The Constitution Explained
is often hailed as a marvel of brevity and of clarity. It was, however,
written in the 18th century, and many of the ideas, concepts, words, phrases, and
euphemisms seem odd to us today, if not down right foreign.
But what of the Constitution itself? What does it mean? What does each article, each
This page is like a synopsis or summary of the Constitution, article by article, amendment
by amendment. This should not be taken as a substitute for the Constitution, but more
like a study guide.
to the Constitution has no force in law; instead, it establishes the "Why" of
the Constitution. Why is this document in existence? It reflects the desires of
to improve on the government they currently had (to be "more perfect" than the
), to ensure that that government would be just, and would protect its
citizens from internal strife and from attack from the outside. It would be of benefit to the
people, rather than to its detriment. And, perhaps as importantly, it intended to do the
same for the future generations of Americans.
establishes the first of the three branches of the government, the Legislature.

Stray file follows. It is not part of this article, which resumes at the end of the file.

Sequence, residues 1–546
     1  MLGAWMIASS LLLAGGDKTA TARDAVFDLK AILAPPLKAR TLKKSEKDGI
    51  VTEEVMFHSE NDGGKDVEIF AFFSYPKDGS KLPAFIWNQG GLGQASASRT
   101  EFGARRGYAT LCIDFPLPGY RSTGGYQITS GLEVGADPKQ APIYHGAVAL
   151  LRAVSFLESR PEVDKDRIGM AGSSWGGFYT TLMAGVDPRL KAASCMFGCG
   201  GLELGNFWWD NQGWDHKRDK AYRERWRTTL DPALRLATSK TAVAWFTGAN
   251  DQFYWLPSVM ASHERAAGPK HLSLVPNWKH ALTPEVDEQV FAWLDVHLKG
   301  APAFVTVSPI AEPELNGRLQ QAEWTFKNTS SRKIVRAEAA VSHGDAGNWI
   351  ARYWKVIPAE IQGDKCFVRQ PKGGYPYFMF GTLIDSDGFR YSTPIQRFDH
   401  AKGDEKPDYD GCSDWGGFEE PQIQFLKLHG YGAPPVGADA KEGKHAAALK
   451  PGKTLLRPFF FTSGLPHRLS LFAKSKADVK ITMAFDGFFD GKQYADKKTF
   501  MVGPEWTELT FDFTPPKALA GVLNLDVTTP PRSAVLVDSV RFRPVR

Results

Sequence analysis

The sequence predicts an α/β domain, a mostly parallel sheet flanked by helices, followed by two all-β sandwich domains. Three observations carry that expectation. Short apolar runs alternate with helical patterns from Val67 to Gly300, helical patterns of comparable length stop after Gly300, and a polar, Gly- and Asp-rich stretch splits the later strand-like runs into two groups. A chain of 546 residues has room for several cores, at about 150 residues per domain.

establishes the name of the Legislature to be The Congress, a bicameral, or
defines the House of Representatives, known as the lower house of Congress. It
establishes a few minimum requirements, like a 25-year-old age limit, and establishes
that the people themselves will elect the members for two years each. The members of
the House are divided among the states proportionally, or according to size, giving more
populous states more representatives in the House. The leader of the House is the Speaker
of the House, chosen by the members.
defines the upper house of Congress, the Senate. Again, it establishes some
minimum requirements, such as a 30-year-old age limit. Senators were originally
appointed by the legislatures of the individual states, though this later changed. They
serve for six years each. Each state has equal suffrage in the Senate, meaning that each
state has the exact same number of Senators, two each, regardless of the population. This
Section introduces the Vice-President, who is the leader of the Senate (called the
President of the Senate); the Vice-President does not vote unless there is a tie.